Project Challenges

The biggest challenge will be to plan and implement the outreach in terms of generating benefits that are practical value to seniors, and to gently overcome the natural resistance to try something new.   This will have to be a fun learning experience, not unlike races for little kids, where everyone can feel good about their progress because it is advancing them along a path they have concluded will have value. The second challenge will be to find a program manager/instructor who has the collection of diverse training skills that can make this program happen.  The third challenge is to find a local source of refurbished computers that can fit the PC or thin client needs of the program in sufficient numbers to provide a computer for every resident. The fourth challenge is to identify affordable broadband connections for the residents. The fifth challenge is to find, review and arrange for on-line curricula that is responsive to the interests of residents that can provide a core “package” of applications that meet the interests and needs of seniors.

The Budget and Budget Narrative – Program Eligible and Matching Costs

There are certain eligible program costs that can be paid for by the NTIA grant. In general, they related to computers, furniture, equipment, training, connectivity and maintenance. They are costs directly related to the development of the adoption program.  The cost of space would normally not be covered unless it was to be devoted exclusively to the function of the CTC.  Once a cost has been determined to be “eligible,” 80 percent of the program costs can be paid for by the NTIA grant, and 20 percent needs to be covered by separate matching funds.  The Budget Narrative needs to document and explain each cost element with respect to hourly rates, unit costs, projected quantities and the reasonableness of the projected cost.  The budget needs to tie in to the overall program.

Donald S. Samuelson has more than 30 years of experience in government-assisted housing and real estate development. He has a passion for applying broadband to provide solutions in the fields of education and training. E-mail him at DSSA310@aol.com, or contact him by phone at 847-420-1732.

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Steve Lacoff: A New Standard for the ‘Cloudification’ of Communications Services

The cloudification of communications services makes it easy to include voice, data, SMS, and video within any existing service.

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The author of this Expert Opinion is Steve Lacoff, general manager of Avalara for communications

The line of demarcation between what has traditionally been considered a telecommunications service was once very clear. It was tangible – there were wires, end points, towers, switches, facilities. Essentially, there was infrastructure required to relay voice or data from point A to point B.

Today that line is fuzzy, if not invisible. The legacy infrastructure remains, but an industry of cloud-based services that don’t require the physical connections has exploded. Voice, data, SMS, and video conferencing can now be conveniently delivered OTT. Enabled by simple API integrations, businesses can embed just one of these services or a complete communications platform-as-a-service (CPaaS) into an app, service, or product.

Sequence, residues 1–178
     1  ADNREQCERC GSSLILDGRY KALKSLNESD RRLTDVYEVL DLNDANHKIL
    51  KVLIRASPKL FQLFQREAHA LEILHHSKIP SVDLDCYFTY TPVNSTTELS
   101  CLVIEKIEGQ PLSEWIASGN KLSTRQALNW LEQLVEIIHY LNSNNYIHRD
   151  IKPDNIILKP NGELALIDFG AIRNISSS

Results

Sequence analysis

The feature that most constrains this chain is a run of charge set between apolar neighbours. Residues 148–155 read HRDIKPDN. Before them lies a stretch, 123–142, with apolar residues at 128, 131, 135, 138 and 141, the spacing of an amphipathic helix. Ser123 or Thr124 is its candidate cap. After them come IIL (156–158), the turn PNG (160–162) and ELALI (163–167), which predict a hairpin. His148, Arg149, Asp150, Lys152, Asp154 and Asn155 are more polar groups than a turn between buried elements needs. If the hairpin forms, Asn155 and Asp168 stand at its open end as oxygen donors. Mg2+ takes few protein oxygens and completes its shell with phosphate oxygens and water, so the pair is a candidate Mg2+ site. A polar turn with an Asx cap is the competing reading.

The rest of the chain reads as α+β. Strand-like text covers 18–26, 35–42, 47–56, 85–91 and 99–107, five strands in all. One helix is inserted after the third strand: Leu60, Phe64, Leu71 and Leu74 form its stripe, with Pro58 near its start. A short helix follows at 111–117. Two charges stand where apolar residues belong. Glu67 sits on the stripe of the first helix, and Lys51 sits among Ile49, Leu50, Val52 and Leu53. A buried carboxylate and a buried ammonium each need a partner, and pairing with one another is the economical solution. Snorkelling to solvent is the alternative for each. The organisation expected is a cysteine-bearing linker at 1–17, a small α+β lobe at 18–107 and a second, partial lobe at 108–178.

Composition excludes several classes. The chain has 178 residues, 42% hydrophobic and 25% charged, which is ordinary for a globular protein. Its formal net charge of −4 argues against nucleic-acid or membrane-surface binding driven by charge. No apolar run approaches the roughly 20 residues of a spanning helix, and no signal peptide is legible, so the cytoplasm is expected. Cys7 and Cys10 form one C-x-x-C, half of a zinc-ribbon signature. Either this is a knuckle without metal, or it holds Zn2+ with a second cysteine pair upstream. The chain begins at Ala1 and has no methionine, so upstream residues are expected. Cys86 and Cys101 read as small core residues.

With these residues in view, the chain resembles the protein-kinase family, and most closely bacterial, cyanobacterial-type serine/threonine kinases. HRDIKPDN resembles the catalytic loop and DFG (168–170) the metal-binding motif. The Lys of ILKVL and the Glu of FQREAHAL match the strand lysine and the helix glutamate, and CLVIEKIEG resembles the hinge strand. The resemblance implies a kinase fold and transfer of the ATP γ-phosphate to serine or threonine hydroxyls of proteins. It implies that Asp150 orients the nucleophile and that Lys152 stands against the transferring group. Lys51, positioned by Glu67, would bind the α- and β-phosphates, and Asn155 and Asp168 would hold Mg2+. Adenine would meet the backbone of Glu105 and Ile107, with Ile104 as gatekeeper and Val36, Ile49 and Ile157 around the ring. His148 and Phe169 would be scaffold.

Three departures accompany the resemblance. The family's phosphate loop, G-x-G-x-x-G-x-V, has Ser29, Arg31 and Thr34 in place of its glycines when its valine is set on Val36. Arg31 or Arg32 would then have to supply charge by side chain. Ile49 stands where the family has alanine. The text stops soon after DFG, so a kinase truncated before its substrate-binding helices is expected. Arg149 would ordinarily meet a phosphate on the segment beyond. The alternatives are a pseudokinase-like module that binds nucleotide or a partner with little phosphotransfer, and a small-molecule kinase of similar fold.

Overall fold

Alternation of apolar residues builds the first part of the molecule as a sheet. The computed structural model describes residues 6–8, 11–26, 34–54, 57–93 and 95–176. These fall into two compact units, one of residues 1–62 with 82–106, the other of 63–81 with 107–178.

Cloudification is a game changer

This “cloudification” of communications services makes it easy to include voice, data, SMS, and video within any existing application, product, or service. These are essential components for many business models.

Consider these services we have come to rely on in our daily lives: food or grocery delivery, ride services, and business and personal communications. These require multiple methods of communication with shoppers, drivers, co-workers, watch party groups, and external business partners.

The exciting news is there is no end in sight. Use cases will continue to evolve and growth will continue to skyrocket. The scale cloud delivery accommodates is massive. These untethered, easy to embed communications services are a critical differentiator for both business-to-business and business-to-consumer buyers, and the lifeblood of the businesses providing both the end user subscriptions and the APIs.

In fact, one industry juggernaut saw H1 YoY video application service demand grow nearly 600% in 2020.

Not surprisingly, as business demand for these services increases smaller CPaaS players continue to enter the market to quickly snag market share. According to a recent IDC study, “the global market revenue for CPaaS reached $5.9bn in 2020, up from $4.26bn in 2019, and is expected to reach $17.71bn by 2024.”

Merger and acquisition activity is aligned with this hockey stick growth forecast. Large telcos, SaaS providers, and even other CPaaS providers are all on the hunt. Whether they want to add additional features to punch up their products or eliminate the competition in a very tight, nuanced market, the end game is clear – as the market expands, the players will ultimately contract leaving only the most competitive offerings.

Don’t let communications tax take you by surprise